November 03, 2009

When scientists lose touch…the case of David Nutt

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If a scientist – or any academic – were fired whenever she said something that her peers regarded as false, then scientists would hardly ever say anything at all, out of fear of rejection. As it happens, science’s own peer review process already induces a certain measure of timidity, but tenured scientists (admittedly a dying breed) can remain gainfully employed while rejected by colleagues. All of this is important to science because free and open inquiry is the only way knowledge truly progresses.

Politics is something else entirely. Politicians are directly affected by the consequences of their decisions. In fact, that is the whole point of politics, especially in a democracy, where politicians don’t exist apart from those they govern. If people don’t like a policy, no matter how well-thought out or well-evidenced it is, then the policy goes and the politicians pay. This explains the long tradition of scientists advising politicians but staying away from actually making policy.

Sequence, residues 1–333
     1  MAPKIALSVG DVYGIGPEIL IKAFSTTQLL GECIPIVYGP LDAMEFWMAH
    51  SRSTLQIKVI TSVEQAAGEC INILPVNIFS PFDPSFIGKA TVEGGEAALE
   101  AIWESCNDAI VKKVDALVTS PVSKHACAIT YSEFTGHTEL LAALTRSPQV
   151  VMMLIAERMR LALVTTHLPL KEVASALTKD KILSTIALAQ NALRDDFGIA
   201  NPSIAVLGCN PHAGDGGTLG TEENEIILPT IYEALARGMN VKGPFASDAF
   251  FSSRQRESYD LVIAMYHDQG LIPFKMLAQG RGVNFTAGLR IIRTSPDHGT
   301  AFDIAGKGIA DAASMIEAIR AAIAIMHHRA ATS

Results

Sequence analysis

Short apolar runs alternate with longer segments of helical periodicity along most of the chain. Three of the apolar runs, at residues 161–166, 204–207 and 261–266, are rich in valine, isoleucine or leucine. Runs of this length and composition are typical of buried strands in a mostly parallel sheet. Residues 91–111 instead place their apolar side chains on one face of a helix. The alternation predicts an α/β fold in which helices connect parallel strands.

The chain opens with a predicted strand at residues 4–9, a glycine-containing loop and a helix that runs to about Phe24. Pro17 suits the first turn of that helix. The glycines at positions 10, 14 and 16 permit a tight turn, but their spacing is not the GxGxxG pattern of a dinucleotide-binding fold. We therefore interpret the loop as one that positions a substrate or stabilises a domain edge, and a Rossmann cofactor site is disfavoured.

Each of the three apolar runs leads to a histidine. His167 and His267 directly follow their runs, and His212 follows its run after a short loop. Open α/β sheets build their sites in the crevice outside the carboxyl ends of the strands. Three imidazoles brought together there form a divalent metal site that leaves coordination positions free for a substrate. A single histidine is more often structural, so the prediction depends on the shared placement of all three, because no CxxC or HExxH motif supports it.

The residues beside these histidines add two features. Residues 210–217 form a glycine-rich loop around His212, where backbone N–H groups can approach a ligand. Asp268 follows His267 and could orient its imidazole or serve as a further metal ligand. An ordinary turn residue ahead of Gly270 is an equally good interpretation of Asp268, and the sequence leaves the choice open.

David Nutt, recently departed chair of the current Labour government’s drugs council, has long argued strenuously and colourfully for the declassification of narcotics like ecstasy and cannabis. The scientific side of the argument is quite strong though given the taboos and mysteries that surround ordinary drug use, there is always room to doubt the reliability of what we know. In any case, Nutt is paid to be a scientist not a politician. Once Nutt learned that the government would not implement his position, given how strongly he apparently feel about the matter, he should have simply resigned. And if he wants to get closer to politics, he can still sell his services to a more sympathetic party (Liberal Democrats?) or start a political action committee.